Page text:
k-os? The handful of other alternative artists that spurred the Canadian hip-hop breakthrough of the 2000s?!?!

I know these rankings are simply a reflection of editorial taste and you can’t include everyone, but this list is really, really, really white. Like completely white, with Metric’s bassist being the only exception.

I am the last person to nit-pick about issues like this. I like to think that many of us are beyond it. I like to think we have a very cosmopolitan approach to music and culture. And dear God do I love Arcade Fire. But in such an ethnically and culturally diverse country, with such broad-ranging and successful independent music (including hip hop and electronic), this list denigrates our multiculturalism.

Seriously guys, wtf.

— Kii, December 11, 2009

Uh… why was I JUST NOW made aware of your existence! Wonderful list! Much love! VIA CANADA!!!!

Tsuru, December 11, 2009

Kii, I don’t speak for all the writers at CVC, but you must understand that our list was as you mentioned, a reflection of ‘editorial taste’. Good music is good music regardless of your ethnicity, sexual orientation, or race.

I’m sorry you disagree with our choices, but to take our musical tastes as a reflection of our cultural values seems dramatic.

Jan, December 11, 2009

where is this ‘diversity’ you speak of? In my mind it’s primarily a marketing gimmick by Tourism Canada to brand our country as something that it only strives to be but mostly isn’t. Granted the three big cities, and the 4 mid-sized ones are ‘consmoplitan’ or increasingly reaching this end, but let’s be honest, when was the last time you saw a family of ‘browns’ eating the Festive Special and a Swiss Chalet in Red Deer, or a possee of ‘blacks’ having a little St. Hubert in Goose Bay Labrador. The reality is that the majority of people in this country are still ethnically white, and this is the second decade only where this majority has even been slightly challenged in numbers. Statistically speaking then, the output of albums coming from non-minorities in Canada will therefore be far fewer, particularly in a niche genre like ‘Indie’ (which this list clearly has as its theme) – a genre which has traditionally found its roots in White-America. It’s not about culture or ethnicity – it don’t matter if you’re black or white.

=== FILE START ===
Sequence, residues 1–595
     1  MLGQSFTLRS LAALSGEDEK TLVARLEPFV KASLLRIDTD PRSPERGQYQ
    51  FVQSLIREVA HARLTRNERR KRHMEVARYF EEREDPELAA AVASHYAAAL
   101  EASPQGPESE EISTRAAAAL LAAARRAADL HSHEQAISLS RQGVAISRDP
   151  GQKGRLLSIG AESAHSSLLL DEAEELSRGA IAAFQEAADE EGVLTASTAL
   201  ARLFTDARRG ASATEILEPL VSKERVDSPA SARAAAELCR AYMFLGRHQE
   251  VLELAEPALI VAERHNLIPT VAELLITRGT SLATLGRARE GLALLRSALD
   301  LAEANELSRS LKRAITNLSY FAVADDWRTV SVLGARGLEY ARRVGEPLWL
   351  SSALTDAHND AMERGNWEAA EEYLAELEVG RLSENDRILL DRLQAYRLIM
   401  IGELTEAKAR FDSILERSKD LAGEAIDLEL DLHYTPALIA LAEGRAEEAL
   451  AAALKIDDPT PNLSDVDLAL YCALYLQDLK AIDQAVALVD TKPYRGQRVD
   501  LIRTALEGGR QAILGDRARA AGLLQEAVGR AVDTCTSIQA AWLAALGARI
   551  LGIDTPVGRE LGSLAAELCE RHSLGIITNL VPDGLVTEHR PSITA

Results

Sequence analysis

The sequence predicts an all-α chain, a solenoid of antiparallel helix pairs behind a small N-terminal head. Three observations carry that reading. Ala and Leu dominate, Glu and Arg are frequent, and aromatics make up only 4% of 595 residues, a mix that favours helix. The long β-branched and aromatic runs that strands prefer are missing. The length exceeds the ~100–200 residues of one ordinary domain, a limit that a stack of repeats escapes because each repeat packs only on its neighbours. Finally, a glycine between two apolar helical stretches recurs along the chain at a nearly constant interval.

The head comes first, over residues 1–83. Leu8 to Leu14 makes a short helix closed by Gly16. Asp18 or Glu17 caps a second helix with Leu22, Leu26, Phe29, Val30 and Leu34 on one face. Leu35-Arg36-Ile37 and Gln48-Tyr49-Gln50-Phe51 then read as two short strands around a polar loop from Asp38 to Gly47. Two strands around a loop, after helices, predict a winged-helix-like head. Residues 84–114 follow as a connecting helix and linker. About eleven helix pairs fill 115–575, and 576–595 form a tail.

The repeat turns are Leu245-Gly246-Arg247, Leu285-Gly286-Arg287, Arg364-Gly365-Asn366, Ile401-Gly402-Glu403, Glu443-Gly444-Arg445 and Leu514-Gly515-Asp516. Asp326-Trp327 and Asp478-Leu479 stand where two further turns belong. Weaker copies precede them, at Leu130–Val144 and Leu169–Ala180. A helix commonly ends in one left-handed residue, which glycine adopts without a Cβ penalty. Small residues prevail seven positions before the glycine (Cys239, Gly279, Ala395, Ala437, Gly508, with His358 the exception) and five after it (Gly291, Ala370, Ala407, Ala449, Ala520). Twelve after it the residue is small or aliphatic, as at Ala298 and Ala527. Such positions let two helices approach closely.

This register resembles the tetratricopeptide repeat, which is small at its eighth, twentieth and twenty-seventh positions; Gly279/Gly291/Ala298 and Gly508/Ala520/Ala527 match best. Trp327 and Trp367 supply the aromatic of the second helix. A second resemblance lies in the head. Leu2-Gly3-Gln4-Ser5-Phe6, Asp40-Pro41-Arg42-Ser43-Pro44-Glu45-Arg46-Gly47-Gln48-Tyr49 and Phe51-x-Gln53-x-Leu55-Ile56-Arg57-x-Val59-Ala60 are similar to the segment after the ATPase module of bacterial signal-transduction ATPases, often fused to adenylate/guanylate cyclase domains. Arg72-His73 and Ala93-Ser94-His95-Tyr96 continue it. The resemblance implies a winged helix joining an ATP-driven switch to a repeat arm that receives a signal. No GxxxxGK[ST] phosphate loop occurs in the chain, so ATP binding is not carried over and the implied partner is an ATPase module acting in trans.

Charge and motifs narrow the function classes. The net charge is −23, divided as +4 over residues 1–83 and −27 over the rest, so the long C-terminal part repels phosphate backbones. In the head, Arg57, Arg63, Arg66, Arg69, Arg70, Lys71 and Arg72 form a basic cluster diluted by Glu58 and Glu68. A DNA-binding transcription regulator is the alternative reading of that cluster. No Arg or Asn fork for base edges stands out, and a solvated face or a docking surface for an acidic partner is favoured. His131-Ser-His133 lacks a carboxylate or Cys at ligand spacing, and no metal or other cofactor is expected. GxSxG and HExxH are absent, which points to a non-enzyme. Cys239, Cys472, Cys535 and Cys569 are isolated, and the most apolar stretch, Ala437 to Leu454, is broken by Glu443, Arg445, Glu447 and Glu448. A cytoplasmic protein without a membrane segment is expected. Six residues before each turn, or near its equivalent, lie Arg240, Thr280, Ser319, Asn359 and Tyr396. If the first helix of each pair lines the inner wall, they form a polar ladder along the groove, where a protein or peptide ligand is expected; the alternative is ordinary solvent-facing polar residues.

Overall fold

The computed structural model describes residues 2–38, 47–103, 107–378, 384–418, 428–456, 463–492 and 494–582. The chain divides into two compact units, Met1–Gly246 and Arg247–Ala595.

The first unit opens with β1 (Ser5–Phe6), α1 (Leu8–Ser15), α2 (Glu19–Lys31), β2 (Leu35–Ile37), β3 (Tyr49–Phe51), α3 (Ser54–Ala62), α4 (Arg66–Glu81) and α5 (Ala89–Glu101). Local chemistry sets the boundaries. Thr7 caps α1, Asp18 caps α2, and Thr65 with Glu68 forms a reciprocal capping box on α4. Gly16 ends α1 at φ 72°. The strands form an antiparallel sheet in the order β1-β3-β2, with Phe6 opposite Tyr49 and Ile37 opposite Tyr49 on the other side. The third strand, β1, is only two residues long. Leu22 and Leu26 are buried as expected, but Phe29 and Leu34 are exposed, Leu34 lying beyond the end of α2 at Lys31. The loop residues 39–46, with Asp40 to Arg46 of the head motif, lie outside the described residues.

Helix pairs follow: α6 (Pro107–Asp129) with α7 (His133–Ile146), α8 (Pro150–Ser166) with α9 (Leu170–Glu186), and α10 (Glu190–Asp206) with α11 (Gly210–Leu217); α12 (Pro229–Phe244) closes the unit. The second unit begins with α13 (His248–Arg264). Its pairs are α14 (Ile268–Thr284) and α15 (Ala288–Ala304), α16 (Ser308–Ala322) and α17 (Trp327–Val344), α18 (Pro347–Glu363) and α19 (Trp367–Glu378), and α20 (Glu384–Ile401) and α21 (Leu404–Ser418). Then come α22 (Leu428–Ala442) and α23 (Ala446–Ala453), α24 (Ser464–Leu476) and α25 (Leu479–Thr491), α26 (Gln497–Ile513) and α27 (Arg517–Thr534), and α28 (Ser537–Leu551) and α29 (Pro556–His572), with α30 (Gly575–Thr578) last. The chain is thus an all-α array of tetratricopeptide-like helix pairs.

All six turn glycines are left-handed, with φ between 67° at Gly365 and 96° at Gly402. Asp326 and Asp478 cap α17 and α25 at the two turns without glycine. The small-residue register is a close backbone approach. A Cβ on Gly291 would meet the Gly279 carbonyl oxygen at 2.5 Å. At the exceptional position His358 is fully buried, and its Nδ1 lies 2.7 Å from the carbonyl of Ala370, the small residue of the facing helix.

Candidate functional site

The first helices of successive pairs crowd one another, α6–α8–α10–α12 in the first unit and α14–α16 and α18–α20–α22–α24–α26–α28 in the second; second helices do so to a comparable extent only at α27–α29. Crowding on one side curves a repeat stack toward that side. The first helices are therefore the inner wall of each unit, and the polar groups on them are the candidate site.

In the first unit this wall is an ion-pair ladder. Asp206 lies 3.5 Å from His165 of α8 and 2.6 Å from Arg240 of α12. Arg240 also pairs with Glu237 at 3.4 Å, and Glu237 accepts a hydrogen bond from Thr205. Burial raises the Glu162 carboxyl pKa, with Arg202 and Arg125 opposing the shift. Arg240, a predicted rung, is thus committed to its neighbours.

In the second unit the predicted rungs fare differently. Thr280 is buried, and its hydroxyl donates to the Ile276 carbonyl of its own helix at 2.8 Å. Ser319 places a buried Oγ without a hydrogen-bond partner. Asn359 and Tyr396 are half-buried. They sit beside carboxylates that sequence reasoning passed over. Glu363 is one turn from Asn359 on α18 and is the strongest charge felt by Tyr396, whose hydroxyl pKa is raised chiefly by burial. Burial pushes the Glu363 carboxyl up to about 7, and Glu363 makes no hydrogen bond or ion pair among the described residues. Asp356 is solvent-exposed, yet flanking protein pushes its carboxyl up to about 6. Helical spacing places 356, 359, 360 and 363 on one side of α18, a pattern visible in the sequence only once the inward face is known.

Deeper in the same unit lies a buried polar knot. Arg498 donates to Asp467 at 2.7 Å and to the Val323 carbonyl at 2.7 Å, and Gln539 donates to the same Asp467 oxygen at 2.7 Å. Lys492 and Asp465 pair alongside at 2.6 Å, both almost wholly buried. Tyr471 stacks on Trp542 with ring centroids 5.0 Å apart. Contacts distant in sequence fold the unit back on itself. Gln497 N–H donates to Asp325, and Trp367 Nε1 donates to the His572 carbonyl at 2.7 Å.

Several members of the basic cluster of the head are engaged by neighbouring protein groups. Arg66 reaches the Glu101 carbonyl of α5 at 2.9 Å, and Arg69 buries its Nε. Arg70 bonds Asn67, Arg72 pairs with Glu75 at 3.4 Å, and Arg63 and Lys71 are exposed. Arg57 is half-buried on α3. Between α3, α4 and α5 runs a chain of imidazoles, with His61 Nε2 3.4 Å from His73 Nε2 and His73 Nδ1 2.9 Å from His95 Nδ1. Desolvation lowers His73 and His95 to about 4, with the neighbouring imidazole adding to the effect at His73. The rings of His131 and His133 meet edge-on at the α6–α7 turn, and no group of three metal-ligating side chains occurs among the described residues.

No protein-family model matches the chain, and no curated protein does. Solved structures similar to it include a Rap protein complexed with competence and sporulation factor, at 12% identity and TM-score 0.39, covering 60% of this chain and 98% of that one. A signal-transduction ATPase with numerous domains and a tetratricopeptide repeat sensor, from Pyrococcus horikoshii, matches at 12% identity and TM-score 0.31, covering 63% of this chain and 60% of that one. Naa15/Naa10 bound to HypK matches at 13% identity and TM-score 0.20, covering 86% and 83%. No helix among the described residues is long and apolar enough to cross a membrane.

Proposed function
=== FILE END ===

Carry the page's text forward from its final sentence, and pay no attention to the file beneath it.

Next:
Oh, and by the way k-Os is on this list. He was part of the collective which produced ‘Broken Social Scene’.

— Kheaven, December 11, 2009

You Forgot It In People deserved to be top, but it’s hard to argue with good ol’ Arcade Fire (though I would have left out Neon Bible, honestly).

— Devin, December 11, 2009

@Jan: Not taking this as a reflection of your cultural values. I’m certain you have wonderful values which I’m not commenting on. I was more so reflecting on how this list (not intentionally, as I implied above) presents quite a limited view of Canadian independent music by relying largely on indie pop/rock/folk acts.

@Kheaven: I understand your point, although Canada is very much an urban place and becoming ever more so. And this list is largely a reflection of Canadian urban culture, many of the artists based in the big cities you spoke of. This absolutely isn’t about ethnicity, it’s about the exclusion of popular indie genres (i.e. hip hop) that tend to be the home of non-white artists. I’m not saying include them because they’re not white, I’m saying include them because they’ve influenced the Canadian independent scene as much, if not more so, than some of the artists above. Also, yes, I’m aware that k-os was involved in some of Broken Social Scene’s content — hardly counts as an inclusion of his genre.